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Thursday, March 18, 2021

Change in Events, Training Regimen Puts Justin Ress Among Nation's Best

Change in Events, Training Regimen Puts Justin Ress Among Nation's Best

Justin Ress couldn’t imagine having this much success just a few years ago.
As late as his junior year of high school, he thought he wouldn’t swim in college. But tremendous time drops as a high school senior interested college coaches, and then a complete body transformation at North Carolina State brought him from 165 pounds to about 210, which made him one of the top sprint freestylers and backstrokers in the country.
“When I was 16, I didn’t even know if I wanted to swim in college,” Ress said. “I was probably barely fast enough. It’s kind of crazy to think where I’ve gotten.”
Ress plans to swim the 100 backstroke and the 50 and 100 freestyle at June’s U.S. Olympic Team Trials – Swimming and has a good chance to qualify for Team USA. His lifetime bests in those events would’ve placed him fifth, eighth, and sixth, respectively, at the 2016 Trials.
Swimming those events didn’t seem likely when he started at North Carolina State. A two-time North Carolina state champion in the 500 freestyle, Ress specialized in distance freestyle and the 400 IM but showed potential in sprint freestyle and backstroke.
He swam the 200 freestyle, 200 backstroke and 200 IM his freshman and sophomore seasons in college before moving down to his current events his last two seasons.
“We knew from the beginning in the recruiting process that was going to be our plan,” said North Carolina State Head Coach Braden Holloway, who continues to coach Ress with Wolfpack Elite. “He had the length, he had the size, and he has the background. Knowing they usually take top six in the 100 free at Trials, that was the driving force behind the plan to eventually work him to those events.
“When we started making the shift to more speed free and speed back, we knew he needed more strength to be able to compete with the next level. We were able to work with our strength coaches and nutritionists here to create a plan that matched what he was doing in the water. It was a process and we knew we had to be patient, but now he has the needed power to be able to go out fast with less effort. He just is stronger and can produce a good amount of force when swimming fast.”
Ress, 23, enjoys training for sprint freestyle and backstroke events more than for distance freestyle events but points out the tradeoff isn’t as simple as getting out of swimming long repeats in practice in an attempt to build an aerobic base. Being a sprinter is challenging.
Gone are the days when he could eat all the ice cream he wanted because he’d just burn off the calories the next day in the pool; instead, he must make sure his diet helps him recover without causing him to gain weight. He also puts more strain on his body because of the heavier weights he’s lifting and the more speed-oriented swim practices sprinting requires.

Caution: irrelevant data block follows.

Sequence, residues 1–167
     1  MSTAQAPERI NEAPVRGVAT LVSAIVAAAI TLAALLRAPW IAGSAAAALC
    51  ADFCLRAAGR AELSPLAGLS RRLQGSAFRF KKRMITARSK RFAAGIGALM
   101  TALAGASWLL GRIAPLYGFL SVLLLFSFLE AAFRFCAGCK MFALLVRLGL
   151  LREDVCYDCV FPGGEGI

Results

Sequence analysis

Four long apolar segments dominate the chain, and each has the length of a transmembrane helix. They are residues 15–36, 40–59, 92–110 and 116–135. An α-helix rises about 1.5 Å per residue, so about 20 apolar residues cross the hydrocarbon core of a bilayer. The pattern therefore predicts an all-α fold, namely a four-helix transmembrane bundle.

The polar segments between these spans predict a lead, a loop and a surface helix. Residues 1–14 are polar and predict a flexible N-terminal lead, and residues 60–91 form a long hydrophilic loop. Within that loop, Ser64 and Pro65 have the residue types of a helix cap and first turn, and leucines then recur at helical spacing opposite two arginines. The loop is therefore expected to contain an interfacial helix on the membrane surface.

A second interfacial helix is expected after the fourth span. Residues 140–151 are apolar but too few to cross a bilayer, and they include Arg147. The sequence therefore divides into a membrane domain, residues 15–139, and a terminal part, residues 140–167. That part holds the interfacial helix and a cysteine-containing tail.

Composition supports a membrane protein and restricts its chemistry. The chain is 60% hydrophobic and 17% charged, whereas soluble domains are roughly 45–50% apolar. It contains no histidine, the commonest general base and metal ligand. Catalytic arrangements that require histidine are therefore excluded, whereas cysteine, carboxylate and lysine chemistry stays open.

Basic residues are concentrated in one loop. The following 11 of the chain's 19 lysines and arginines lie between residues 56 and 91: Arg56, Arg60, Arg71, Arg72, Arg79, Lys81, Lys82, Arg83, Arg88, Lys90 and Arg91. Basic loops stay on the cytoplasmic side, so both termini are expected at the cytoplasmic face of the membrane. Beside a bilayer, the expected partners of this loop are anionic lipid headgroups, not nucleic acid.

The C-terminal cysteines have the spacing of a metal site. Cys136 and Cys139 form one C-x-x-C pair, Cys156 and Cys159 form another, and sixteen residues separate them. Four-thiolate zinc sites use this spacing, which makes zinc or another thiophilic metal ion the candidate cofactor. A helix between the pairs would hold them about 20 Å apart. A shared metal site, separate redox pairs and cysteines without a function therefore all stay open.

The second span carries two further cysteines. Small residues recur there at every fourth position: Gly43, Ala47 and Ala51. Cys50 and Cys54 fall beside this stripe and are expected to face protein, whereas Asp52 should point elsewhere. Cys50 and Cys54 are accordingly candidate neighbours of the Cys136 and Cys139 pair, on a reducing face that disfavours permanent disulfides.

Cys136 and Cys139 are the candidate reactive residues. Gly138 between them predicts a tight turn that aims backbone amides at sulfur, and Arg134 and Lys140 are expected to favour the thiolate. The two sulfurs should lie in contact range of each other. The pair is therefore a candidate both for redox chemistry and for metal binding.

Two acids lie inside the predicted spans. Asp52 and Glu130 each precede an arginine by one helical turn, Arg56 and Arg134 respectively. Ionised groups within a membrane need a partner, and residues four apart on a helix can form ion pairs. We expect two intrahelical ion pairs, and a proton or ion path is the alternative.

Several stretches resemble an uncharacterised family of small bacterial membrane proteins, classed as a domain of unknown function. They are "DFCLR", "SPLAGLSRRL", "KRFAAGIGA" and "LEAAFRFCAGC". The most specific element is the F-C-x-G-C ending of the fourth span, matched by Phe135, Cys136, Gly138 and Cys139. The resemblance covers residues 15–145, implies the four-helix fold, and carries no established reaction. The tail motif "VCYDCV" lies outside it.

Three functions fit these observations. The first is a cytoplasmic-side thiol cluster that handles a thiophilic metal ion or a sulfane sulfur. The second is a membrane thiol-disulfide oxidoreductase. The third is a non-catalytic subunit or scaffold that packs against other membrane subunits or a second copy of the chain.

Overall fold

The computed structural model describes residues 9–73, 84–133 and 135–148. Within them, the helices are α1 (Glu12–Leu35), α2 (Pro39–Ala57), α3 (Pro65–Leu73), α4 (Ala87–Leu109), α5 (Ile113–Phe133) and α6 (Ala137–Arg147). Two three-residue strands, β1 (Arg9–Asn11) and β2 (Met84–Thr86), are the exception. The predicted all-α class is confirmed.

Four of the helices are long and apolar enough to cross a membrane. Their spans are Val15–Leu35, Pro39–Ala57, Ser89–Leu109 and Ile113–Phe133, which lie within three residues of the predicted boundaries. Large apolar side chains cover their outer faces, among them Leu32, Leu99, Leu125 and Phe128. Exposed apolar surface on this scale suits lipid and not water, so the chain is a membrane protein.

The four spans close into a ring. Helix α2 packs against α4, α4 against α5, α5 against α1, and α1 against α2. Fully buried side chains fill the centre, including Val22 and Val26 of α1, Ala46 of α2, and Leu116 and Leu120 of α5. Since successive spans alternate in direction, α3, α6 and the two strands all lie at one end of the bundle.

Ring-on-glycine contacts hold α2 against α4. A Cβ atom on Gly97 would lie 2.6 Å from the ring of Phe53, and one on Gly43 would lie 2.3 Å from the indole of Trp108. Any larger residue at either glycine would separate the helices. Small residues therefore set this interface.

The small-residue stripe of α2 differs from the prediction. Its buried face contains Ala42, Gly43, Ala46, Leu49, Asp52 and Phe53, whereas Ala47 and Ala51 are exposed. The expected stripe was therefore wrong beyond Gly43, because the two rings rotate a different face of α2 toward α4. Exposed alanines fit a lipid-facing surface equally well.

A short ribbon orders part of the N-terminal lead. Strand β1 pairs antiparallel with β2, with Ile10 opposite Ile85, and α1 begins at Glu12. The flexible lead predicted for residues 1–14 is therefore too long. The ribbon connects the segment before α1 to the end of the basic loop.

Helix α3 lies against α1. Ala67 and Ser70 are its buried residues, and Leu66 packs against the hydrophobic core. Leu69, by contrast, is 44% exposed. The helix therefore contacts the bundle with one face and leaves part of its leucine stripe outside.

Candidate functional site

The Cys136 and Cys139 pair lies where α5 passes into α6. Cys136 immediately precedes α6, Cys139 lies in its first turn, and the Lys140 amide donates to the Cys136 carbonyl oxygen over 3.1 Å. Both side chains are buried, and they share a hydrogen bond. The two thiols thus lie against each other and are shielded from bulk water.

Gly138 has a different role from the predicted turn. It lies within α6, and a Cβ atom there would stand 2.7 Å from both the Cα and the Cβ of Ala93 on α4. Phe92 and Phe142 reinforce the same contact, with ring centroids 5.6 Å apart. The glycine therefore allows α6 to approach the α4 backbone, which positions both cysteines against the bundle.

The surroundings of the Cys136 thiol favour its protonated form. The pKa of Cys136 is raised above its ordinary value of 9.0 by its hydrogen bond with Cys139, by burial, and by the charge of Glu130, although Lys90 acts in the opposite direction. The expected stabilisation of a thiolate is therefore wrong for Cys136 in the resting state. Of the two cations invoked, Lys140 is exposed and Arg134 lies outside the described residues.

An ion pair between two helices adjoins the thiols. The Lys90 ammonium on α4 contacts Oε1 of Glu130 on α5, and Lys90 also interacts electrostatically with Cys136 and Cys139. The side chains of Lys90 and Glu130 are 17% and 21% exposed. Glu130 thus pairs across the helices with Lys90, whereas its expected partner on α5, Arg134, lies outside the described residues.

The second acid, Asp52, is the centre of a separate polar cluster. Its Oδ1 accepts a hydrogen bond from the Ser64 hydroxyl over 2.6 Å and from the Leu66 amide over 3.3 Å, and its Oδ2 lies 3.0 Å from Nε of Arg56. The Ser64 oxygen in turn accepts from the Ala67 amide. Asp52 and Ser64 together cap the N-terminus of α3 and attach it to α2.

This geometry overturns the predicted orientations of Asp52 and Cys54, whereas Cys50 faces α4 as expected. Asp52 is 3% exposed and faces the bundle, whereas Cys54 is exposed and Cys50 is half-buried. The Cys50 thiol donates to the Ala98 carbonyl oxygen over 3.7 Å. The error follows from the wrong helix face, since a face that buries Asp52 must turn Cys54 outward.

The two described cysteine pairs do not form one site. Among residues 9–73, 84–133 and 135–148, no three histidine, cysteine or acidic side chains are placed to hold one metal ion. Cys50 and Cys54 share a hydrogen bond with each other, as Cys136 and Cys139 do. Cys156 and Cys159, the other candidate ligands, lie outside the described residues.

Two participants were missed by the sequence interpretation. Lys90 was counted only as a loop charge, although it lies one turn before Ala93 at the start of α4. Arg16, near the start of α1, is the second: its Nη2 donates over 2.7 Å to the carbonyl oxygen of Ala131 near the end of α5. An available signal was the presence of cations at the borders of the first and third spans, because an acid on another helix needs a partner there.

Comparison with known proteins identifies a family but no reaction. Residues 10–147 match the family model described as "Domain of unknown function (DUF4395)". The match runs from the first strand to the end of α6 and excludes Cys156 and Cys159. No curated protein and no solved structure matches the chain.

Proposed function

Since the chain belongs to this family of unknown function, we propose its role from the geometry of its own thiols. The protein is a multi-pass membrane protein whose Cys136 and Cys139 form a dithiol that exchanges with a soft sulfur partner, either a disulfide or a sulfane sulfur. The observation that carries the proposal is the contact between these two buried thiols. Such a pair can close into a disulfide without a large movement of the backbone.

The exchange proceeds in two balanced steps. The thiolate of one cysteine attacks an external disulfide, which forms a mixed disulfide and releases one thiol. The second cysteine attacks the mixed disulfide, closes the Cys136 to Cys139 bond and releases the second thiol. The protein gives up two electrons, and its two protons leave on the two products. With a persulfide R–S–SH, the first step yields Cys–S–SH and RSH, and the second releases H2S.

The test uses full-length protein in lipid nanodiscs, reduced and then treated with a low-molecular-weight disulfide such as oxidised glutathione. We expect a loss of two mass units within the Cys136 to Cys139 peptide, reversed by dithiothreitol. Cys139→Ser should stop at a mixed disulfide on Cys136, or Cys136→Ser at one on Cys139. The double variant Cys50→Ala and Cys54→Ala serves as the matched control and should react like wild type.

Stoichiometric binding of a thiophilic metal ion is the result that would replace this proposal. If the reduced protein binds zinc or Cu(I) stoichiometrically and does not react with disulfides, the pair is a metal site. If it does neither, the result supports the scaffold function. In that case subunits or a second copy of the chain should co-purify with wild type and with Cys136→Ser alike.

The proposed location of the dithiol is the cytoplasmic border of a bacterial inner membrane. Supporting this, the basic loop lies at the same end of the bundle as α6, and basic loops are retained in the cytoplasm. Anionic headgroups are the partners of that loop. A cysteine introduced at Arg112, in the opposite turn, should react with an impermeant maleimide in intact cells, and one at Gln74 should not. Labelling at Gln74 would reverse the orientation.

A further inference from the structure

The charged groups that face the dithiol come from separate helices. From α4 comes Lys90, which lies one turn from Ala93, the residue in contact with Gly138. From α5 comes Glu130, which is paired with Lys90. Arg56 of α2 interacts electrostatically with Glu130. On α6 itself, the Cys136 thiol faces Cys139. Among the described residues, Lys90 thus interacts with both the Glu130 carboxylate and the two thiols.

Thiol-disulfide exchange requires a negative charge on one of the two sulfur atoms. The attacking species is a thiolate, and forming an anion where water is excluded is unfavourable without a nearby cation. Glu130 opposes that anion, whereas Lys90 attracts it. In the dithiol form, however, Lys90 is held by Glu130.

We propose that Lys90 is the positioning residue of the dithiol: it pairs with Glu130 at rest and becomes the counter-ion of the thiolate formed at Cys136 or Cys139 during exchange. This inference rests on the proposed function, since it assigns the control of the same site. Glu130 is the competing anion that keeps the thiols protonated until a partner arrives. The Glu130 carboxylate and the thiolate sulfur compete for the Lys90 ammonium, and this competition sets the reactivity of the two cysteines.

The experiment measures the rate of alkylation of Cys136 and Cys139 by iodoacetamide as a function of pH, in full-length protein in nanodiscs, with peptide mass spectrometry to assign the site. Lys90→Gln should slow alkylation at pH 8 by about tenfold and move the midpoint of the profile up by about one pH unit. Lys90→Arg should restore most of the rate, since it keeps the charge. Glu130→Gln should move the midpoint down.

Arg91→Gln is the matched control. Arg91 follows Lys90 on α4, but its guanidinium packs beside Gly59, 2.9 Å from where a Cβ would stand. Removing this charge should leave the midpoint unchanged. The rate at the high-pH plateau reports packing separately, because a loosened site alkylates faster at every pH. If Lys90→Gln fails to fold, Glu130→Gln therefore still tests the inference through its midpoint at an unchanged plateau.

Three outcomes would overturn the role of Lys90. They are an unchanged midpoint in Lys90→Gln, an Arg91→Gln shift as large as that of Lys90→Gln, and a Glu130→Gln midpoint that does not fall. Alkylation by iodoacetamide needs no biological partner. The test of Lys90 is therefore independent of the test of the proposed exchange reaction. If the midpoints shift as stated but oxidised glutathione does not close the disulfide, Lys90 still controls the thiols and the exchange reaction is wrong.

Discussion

The training has paid off.
Ress won the 50 backstroke and finished third in the 100 backstroke behind five-time Olympic medalist Matt Grevers and world record–holder Ryan Murphy at the 2017 Phillips 66 National Championships. His first-place finish qualified him for the FINA World Championships, though he finished sixth there with a time nearly 0.4 seconds slower.
“I really struggled with World Championships, in that environment, when I swam 50 back because I didn’t know anybody on the U.S. National Team yet,” Ress said. “It was my first international meet on that caliber. I didn’t have the experience to go into it thinking I could do amazing things. 
“I think that experience helped me realize that it doesn’t matter who I’m racing, I just got to give it my all, and it’s always the same pool, it’s always 50 meters. I think that experience helped me realize what it takes to compete with those guys.”
Ress won the 100 backstroke and the 100 freestyle in January at the TYR Pro Swim Series event in Richmond, Virginia, and beat Murphy in prelims of the 100 backstroke at the TYR Pro Swim Series event in San Antonio two months later but scratched finals to focus on the 50 freestyle.
Ress doesn’t plan to travel far for competitions until Trials, at which he’ll face a daunting history. Team USA regularly features the best 100 backstrokers in the world—its swimmers have won the past six Olympic gold medals—and has many talented sprint freestylers.
He is excited to see where he ranks among those swimmers in those events in three months.
“I think my biggest advantage is I have absolutely no pressure on myself from the outside,” Ress said. “I don’t think many people are expecting me to compete with some of the top backstrokers or freestylers because I haven’t … gone any best times since 2018. So I think people are going to be shocked when I come out and I’m competing with those top guys. 
“Basically, my whole goal is just to really have fun with it. If I have fun, good times are definitely going to follow, so I’m excited for it.”

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